Regrets — that rarely last! -
Thy lifeless bosom o'er;
And wish we'd loved thee more!
'Tis only when thy lips are cold
We mourn with late regret, Mid myriad memories of old
The days for ever set!
Against thy meek control,
Wakes anguish in the soul!
From which her strength she draws,
The mother's lot as tried :-
(By permission of the Author.)
THE OMNIPOTENCE OF GOD.
In the first place, the immense quantity of matter contained in the universe, presents a most striking display of Almighty power.
In endeavouring to form a definite notion on this subject, the mind is bewildered in its conceptions, and is at a loss where to begin or to end its excursions. In order to form something approximating to a well-defined idea, we must pursue a train of thought commencing with those magnitudes which the mind can easily grasp, proceeding through all the intermediate gradations of magnitude, and fixing the attention on every portion of the chain, till we arrive at the object or magnitude of which we wish to form a co
conception. We must endeavour, in the first place, to form a conception of the bulk of the world in which we dwell, which, though only a point in comparison of the whole material universe, is, in reality, a most astonishing magnitude, which the mind cannot grasp, without a laborious effort. We can form some definite idea of those protuberant masses we denominate hills, which rise above the surface of our plains; but were we transported to the mountain scenery of Switzerland, to the stupendous range of the Andes in South America, or to the Himalayan mountains in India, where masses of earth and rocks, in every variety of shape, extend several hundreds of miles in different directions, and rear their projecting summits beyond the region of the clouds—we should find some difficulty in forming an adequate conception of the objects of our contemplation. For (to use the words of one who had been a spectator of such scenes), “Amidst those trackless regions of intense silence and solitude, we cannot contemplate, but with feelings of awe and admiration, the enormous masses of variegated matter which lie around, beneath, and above us. The mind labours, as it were, to form a definite idea of those objects of oppressive grandeur, and feels unable to grasp the august objects which compose the surrounding scene." But what are all these mountainous masses, however variegated and sublime, when compared with the bulk of the whole earth? Were they hurled from their bases, and precipitated into the vast Pacific Ocean, they would all disappear in a moment, except perhaps a few projecting tops, which, like a number of small islands, might be seen rising a few fathoms above the surface of the waters.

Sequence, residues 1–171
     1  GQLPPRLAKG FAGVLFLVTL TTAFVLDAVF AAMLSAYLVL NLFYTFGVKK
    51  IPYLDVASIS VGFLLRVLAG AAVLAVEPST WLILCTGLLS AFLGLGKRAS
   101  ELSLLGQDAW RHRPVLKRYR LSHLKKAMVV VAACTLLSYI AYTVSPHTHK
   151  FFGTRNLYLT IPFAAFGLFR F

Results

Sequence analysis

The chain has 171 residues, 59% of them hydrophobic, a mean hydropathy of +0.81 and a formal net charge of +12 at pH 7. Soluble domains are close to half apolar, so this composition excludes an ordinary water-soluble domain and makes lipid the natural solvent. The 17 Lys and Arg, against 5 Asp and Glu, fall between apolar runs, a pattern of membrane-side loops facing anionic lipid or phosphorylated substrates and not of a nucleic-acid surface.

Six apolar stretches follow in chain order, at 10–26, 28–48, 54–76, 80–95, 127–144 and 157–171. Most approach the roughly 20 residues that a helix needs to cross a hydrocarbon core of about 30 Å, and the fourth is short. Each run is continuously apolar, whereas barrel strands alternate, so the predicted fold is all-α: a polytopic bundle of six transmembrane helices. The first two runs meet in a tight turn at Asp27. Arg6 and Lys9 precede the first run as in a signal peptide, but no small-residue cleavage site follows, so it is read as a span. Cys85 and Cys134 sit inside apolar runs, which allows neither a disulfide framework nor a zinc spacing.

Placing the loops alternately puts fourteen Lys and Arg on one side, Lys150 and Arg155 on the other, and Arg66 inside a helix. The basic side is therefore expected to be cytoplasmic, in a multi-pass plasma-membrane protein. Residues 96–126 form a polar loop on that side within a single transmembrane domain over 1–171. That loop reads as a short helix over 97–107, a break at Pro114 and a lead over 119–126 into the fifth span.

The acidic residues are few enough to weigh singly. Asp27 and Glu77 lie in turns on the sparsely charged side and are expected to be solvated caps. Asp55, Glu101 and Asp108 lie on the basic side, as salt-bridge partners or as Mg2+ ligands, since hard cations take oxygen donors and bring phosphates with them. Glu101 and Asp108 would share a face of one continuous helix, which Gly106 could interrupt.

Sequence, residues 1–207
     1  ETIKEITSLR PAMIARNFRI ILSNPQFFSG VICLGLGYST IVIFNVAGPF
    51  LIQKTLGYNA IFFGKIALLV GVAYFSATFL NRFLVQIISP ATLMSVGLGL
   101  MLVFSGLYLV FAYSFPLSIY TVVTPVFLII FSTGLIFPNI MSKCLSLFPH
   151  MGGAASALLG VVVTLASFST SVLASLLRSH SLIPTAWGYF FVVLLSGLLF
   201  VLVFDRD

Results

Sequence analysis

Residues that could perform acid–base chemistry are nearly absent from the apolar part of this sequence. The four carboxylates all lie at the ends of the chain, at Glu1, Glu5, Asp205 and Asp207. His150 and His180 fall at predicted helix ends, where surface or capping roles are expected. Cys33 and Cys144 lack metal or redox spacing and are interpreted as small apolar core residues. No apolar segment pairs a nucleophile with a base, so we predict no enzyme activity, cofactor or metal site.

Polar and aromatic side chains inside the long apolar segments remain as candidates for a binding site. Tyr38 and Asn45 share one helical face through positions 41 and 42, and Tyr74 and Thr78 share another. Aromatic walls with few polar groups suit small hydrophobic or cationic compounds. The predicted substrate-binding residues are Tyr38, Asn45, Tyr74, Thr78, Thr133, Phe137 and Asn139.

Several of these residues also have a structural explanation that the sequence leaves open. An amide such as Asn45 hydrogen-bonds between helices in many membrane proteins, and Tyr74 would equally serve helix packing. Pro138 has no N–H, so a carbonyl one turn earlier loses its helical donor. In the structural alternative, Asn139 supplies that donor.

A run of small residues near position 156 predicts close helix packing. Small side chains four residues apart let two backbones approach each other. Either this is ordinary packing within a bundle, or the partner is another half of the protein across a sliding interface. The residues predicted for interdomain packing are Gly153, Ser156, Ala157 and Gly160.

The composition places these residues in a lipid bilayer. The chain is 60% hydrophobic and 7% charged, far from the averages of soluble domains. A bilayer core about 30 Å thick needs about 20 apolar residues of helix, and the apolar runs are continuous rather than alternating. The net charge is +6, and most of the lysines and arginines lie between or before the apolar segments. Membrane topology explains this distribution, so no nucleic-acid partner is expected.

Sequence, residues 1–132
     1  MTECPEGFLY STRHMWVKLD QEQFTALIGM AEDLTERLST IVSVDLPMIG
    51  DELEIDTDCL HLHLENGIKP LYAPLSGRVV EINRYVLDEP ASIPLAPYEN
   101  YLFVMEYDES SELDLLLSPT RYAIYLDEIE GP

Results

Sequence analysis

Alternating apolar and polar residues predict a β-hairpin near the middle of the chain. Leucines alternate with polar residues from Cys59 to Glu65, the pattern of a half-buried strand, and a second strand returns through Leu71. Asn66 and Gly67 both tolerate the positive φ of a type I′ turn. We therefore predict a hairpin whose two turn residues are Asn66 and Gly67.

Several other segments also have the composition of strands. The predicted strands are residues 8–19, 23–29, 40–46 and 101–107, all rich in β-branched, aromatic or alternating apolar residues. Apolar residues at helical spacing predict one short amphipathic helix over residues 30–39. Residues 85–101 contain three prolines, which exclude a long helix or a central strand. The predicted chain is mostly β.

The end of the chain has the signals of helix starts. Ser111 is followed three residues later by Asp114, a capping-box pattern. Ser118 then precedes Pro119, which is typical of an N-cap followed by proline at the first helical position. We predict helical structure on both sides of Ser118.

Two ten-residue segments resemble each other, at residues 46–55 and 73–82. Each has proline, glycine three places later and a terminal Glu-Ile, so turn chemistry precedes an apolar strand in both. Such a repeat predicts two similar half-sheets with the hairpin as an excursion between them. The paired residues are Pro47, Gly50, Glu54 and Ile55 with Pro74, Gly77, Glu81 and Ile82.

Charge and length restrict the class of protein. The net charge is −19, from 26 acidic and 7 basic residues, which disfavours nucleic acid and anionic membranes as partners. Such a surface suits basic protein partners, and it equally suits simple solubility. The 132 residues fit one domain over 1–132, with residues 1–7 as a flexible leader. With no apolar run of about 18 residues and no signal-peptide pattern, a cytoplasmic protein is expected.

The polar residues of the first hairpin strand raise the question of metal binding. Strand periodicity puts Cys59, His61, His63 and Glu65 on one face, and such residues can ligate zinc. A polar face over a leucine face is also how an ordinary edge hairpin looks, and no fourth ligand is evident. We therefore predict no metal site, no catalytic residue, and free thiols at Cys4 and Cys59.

The earth is a globe, whose diameter is nearly 8000 miles, and its circumference about 25,000, and consequently, its surface contains nearly two hundred millions of square miles—a magnitude too great for the mind to take in at one conception. In order to form a tolerable conception of the whole, we must endeavour to take a leisurely survey of its different parts. Were we to take our station on the top of a mountain, of a moderate size, and survey the surrounding landscape, we should perceive an extent of view stretching forty miles in every direction, forming a circle eighty miles in diameter, and 250 in circumference, and comprehending an area of 5000 square miles
. In such a situation, the terrestrial scene around and beneath us, consisting of hills and plains, towns and